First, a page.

North, East, West, & South 1/28/09

There’s an apocryphal explanation for the term news that says it’s an acronym for the four points of the compass, N(orth)E(ast)W(est)S(outh), in other words, all the stuff happening in all directions. The truth is much more plebeian, with news simply being a plural of new, and meaning “new things,” but I’ve always liked the elegance of that apocrypha, so I’m gonna use it for a brand new feature under ye olde outlaw moon, North East West & South, which will appear at suspenseful intervals of no pre-determined schedule.

In this feature, I’ll share a few bits of the latest news of whatever sort I find interesting or amusing, and I may comment, perhaps in a snide, sarcastic, cruel, bemused, or ironic way. So, here we go…

Jessica Alba vs. Bill O’Reilly


Kudos to the delectable Ms. Alba for publicly showing that she not only has some brains, but has more of them than right-wing nitwit Bill O’Reilly. In an interview just after Obama’s inauguration, Alba called O’Reilly “kind of an a-hole.” Later, a “reporter” from TMZ (a cheesy gossip site) tried to put her on the spot about it, and she playfully asked him what Barack Obama’s greatest characteristic was. The TMZ goon demurred, saying he was uncomfortable answering because he was a (ahem) journalist. Alba told him to “be neutral — be Sweden about it.”

Both O’Reilly and TMZ attacked Alba for her apparent idiocy, because any idiot knows that it’s Switzerland that stayed neutral during WWII, and she of course meant that. Except, no, she meant exactly what she’d said, and retaliated by writing this in her blog:

I find it depressing that, in the midst of perhaps the most salient time in our country’s history, individuals are taking it upon themselves to encourage negativity and stupidity. Last week, Mr. Bill O’Reilly and some really classy sites (i.e. TMZ) insinuated I was dumb by claiming Sweden was a neutral country. I appreciate the fact that he is a news anchor and that gossip sites are inundated with intelligent reporting, but seriously people… it’s so sad to me that you think the only neutral country during WWII was Switzerland. I appreciate the name calling and the accurate reporting. Keep it up!

And yeah, I could have put a picture of O’Reilly up there, instead of one of Alba, but it’s almost dinner-time.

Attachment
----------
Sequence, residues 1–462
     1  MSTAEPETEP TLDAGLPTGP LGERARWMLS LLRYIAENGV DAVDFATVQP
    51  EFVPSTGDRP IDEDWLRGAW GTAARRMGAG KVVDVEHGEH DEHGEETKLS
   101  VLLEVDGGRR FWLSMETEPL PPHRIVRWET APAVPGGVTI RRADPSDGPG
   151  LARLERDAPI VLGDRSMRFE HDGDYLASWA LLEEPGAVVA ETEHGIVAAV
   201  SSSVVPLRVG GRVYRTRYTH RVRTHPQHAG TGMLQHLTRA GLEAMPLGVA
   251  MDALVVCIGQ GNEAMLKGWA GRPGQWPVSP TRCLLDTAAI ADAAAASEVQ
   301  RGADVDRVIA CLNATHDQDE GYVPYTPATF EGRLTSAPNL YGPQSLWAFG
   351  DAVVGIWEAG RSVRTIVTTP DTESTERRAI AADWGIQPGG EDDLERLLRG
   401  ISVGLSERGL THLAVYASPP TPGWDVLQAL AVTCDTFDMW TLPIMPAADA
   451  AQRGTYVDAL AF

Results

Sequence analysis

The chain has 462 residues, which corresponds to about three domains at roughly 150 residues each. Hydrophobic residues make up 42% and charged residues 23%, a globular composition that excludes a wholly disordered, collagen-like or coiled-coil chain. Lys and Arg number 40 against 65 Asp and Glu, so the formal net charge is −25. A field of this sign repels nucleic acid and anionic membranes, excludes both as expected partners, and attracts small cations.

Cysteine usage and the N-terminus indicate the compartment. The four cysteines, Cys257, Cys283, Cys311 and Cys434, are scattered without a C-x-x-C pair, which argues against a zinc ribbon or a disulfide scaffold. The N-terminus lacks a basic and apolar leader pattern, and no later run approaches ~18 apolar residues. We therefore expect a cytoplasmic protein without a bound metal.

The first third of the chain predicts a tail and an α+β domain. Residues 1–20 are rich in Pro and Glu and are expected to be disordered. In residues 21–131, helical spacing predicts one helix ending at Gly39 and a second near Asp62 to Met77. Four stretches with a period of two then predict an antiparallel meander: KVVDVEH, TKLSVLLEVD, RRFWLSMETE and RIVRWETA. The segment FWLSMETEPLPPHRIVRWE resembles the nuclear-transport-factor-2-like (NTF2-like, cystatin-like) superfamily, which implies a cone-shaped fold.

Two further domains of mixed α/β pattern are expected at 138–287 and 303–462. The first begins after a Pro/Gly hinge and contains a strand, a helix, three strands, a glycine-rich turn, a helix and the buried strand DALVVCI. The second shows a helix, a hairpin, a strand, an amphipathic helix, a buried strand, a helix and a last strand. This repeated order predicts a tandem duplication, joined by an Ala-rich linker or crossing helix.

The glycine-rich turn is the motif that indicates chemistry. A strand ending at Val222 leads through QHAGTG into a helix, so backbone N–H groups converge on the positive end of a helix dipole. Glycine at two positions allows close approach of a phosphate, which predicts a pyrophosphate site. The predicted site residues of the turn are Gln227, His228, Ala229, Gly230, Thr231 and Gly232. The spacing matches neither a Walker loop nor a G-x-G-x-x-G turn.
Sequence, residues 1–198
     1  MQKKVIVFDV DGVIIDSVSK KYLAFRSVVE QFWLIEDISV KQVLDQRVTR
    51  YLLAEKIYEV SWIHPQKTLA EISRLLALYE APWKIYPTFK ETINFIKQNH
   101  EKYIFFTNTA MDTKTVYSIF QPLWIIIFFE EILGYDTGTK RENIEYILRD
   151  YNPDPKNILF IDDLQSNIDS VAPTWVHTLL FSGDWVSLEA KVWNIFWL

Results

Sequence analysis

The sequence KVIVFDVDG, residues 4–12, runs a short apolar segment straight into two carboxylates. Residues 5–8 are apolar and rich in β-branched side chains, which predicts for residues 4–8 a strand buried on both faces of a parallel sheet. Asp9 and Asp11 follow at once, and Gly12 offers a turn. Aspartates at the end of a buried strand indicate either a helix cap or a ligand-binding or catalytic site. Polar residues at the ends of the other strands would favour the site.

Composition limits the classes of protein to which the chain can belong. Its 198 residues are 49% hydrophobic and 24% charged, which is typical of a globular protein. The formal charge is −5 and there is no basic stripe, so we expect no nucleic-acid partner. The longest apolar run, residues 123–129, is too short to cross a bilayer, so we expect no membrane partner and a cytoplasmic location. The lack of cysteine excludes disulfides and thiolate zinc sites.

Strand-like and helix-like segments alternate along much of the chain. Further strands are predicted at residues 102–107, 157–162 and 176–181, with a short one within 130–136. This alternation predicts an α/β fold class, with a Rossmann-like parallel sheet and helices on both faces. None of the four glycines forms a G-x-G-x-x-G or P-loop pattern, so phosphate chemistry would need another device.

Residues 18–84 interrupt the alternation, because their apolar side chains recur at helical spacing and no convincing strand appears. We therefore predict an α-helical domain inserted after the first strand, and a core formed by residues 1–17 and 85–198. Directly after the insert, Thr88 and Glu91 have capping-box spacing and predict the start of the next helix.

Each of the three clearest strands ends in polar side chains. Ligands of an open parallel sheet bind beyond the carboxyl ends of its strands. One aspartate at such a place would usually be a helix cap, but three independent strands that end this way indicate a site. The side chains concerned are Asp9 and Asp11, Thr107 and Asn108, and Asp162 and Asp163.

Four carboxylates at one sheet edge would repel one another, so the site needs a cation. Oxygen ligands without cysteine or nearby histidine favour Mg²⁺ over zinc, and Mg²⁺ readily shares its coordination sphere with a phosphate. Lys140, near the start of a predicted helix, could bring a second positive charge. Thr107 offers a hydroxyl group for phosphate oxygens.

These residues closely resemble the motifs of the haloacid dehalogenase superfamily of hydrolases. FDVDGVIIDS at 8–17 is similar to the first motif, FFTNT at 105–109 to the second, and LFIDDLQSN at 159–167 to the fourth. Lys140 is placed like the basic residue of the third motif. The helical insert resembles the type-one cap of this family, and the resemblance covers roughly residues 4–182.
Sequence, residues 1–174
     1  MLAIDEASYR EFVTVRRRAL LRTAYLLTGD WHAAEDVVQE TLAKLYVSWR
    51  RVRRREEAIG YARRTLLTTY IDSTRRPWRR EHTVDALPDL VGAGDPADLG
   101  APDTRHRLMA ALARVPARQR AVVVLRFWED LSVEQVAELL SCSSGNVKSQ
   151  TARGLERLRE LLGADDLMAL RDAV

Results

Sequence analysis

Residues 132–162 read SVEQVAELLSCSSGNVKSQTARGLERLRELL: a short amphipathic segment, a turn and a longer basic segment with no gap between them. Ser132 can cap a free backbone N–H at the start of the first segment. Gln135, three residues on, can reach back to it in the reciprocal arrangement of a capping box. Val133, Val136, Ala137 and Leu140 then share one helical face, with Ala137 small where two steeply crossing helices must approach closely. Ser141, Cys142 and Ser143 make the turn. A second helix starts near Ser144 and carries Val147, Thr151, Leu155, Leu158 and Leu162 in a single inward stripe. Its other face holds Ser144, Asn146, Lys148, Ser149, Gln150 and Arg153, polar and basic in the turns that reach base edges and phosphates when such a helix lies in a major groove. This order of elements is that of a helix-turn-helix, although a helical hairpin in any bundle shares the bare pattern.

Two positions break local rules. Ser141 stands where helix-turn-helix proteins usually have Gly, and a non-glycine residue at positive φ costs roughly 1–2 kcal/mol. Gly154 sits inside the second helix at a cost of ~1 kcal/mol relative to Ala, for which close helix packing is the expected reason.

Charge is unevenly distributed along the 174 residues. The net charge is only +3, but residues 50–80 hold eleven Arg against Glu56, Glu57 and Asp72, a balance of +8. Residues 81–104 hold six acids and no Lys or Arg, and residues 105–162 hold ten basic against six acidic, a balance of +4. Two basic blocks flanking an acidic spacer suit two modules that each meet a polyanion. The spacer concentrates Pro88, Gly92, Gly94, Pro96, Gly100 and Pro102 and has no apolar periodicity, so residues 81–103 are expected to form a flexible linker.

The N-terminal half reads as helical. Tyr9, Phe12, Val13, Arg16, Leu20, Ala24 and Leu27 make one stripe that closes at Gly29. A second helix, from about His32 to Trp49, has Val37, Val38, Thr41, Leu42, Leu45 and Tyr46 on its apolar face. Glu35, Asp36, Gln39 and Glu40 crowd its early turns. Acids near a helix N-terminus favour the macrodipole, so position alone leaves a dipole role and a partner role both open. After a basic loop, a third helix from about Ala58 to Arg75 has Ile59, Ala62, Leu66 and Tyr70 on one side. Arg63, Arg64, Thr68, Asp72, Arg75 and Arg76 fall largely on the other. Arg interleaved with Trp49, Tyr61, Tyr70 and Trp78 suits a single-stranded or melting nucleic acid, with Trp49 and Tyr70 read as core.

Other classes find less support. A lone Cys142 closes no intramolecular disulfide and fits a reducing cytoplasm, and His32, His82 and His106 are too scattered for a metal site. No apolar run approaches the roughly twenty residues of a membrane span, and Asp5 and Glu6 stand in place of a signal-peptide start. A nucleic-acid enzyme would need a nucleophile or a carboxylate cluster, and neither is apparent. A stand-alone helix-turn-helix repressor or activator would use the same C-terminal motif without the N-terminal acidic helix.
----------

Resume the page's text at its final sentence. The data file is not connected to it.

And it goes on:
Another Reason to Avoid High Fructose Corn Syrup

High fructose corn syrup is one of the chief supervillains in the fattening of the American populace. I’ve seen graphs which show how American weight started to spike steadily upward in the years since HFCS was introduced in the 1970s, and any good nutritionist can explain the reasons why (if you’re curious, go to this link, where it’s explained concisely and simply). Read over the ingredients of the food you buy very closely, and you’ll find HFCS in many surprising places. It ain’t good for you.

Now, it seems, it’s probably not just fattening, but toxic. As reported at Associated Content:

A recent report published in Environmental Health might make you rethink your next trip to the grocery store. Mercury was discovered in almost half of the samples taken from high fructose corn syrup used in commercial applications. Products by Smucker’s, Kraft, Hershey’s, and Quaker all tested positive for the toxic metal.

The Food and Drug Administration (FDA) tested 20 samples of high fructose corn syrup in 2005. Nine of the 20 samples had detectable amounts of mercury in them. Even though the FDA knew about this mercury problem four years ago, consumers were not informed, and no additional testing was ordered. A different study conducted by IATP, the Institute for Agriculture and Trade Policy, found mercury in almost one-third of 55 different products containing high fructose corn syrup as one of the top two ingredients.